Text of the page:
BAGHDAD/WASHINGTON, D.C. – Medical authorities in the al-Anbar province in western Iraq report a sharp rise in the number of registered cases of a cancer diagnosis as a result of the US military’s use of banned munitions at the time of the invasion and the later occupation of Iraq.
“The radiation of prohibited ammunition used during the US invasion and the later occupation of Iraq is the most important cause for the heightened number of cancer patients in the al-Anbar province,” an oncologist in the western Iraqi province was quoted as saying by the Arabic-language Afaq news channel on Wednesday.
He noted that people in the al-Anbar province are facing different problems which arose from the Americans’ use of banned weapons and munitions, and said that cancer is a terrible disease and that the treatment is extremely expensive, while people in the province cannot afford it, and even the few who could bear the virtually insurmountable expenses are still faced with a severe shortage of cancer drugs.
The United States troops used the deadly white phosphorus in the offensive in the Iraqi city of Falluja in 2004, the US said.
“It was used as an incendiary weapon against enemy combatants,” spokesman Lt Col Barry Venable said.
The United States had earlier said the substance – which can cause severe burning of the flesh – had been used “only for illumination”, which is a quite unusual excuse, given the extensive use of advanced night and thermal vision equipment by the United States military and their invading NATO and non-NATO allies.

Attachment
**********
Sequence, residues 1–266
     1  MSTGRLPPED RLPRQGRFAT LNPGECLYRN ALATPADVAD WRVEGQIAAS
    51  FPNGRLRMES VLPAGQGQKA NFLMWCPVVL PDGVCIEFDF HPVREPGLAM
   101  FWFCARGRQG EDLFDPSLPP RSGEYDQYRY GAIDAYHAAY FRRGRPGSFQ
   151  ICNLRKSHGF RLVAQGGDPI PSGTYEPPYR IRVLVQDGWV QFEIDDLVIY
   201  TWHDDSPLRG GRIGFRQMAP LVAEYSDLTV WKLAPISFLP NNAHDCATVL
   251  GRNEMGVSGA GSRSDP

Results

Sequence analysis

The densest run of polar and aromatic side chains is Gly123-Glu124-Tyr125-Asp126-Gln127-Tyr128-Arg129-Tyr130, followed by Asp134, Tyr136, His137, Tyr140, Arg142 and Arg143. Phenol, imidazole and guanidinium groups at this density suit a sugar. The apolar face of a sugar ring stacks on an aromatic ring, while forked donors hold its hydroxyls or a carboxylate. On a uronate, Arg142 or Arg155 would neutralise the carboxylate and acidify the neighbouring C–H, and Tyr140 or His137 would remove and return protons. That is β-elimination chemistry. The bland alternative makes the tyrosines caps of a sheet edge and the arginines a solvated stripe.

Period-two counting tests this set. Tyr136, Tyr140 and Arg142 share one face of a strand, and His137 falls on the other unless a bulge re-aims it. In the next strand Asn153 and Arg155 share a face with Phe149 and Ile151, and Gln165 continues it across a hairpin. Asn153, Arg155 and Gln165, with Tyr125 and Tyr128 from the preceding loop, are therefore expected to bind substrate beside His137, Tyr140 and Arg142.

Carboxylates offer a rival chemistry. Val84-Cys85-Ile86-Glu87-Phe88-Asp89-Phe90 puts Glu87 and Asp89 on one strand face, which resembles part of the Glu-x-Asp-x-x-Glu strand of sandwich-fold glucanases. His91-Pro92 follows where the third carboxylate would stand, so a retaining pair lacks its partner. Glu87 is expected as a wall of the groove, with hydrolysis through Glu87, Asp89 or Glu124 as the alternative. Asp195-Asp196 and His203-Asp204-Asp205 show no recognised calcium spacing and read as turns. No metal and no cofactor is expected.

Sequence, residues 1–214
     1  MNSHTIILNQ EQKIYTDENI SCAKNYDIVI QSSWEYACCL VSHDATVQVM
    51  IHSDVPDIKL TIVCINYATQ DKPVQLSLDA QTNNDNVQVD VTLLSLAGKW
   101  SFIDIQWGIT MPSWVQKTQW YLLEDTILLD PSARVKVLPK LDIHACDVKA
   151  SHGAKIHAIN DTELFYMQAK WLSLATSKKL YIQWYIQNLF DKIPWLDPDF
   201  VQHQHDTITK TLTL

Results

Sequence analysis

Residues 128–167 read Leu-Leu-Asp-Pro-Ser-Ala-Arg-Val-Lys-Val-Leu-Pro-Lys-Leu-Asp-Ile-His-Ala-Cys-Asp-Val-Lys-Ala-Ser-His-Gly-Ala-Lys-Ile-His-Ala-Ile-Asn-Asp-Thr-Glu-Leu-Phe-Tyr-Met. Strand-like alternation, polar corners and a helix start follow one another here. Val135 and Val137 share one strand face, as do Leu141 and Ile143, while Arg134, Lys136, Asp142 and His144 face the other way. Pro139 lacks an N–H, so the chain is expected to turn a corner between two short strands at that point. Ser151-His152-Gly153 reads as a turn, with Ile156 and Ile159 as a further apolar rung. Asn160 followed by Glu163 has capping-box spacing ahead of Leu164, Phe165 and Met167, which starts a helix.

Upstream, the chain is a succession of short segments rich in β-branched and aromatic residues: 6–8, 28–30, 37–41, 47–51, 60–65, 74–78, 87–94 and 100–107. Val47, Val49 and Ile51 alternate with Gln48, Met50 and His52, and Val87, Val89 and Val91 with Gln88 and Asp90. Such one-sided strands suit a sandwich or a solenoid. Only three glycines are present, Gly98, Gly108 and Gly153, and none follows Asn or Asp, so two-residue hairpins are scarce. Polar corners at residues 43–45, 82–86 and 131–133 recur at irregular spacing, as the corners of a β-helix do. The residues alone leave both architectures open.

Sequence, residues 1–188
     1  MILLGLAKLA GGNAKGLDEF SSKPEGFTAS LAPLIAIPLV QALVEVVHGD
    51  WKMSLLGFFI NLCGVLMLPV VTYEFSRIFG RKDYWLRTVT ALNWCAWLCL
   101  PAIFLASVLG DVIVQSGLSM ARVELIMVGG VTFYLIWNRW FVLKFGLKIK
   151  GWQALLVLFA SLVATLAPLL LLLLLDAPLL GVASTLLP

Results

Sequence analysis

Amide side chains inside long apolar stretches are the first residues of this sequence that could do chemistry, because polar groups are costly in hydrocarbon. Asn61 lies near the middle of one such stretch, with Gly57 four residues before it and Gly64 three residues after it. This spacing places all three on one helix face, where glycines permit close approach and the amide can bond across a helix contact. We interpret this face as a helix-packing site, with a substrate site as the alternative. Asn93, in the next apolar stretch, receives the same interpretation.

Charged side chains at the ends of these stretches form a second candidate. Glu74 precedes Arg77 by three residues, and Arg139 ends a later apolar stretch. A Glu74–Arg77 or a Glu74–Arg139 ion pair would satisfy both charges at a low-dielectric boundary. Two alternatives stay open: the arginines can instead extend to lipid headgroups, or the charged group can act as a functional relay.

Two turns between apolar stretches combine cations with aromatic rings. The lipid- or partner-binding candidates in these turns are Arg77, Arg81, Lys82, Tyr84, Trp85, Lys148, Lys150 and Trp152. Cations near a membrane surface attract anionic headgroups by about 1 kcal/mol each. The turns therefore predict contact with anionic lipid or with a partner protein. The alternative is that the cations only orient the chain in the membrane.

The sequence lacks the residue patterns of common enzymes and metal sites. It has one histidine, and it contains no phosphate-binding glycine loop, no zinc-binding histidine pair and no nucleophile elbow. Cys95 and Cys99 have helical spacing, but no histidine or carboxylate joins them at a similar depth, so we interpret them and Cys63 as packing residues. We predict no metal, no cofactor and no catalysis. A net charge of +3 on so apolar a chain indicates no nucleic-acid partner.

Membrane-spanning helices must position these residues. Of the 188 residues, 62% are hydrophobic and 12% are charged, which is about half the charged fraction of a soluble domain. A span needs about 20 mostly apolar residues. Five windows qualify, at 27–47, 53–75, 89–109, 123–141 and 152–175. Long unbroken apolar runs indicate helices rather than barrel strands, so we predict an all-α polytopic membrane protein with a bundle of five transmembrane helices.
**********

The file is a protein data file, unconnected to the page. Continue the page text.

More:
The United States State Department had earlier confirmed white phosphorus had been used in Falluja “very sparingly”, again, allegedly for “illumination purposes”. This is definitely not the first time the United States has been using banned munitions in one of their countless invasions of other sovereign countries. And it most certainly won’t be the last time.
Countries like Vietnam or Serbia are among the more prominent examples of the benefits of “freedom and democracy”. Half a century after the bloody US invasion of Vietnam, which directly killed around 4 million people, the vast majority of whom were civilians, hundreds of thousands of Vietnamese have suffered and are still suffering the consequences due to the use of banned munitions by the US.
In Serbia, after the US aerial invasion in 1999, tens of thousands have died and are still dying due to a sharp increase in the number of people with cancer. Apart from the irreversible loss of human lives, the main issue remains the severe strain put on the devastated economies of targeted countries, due to the necessary increase in funds allocated for cancer treatment.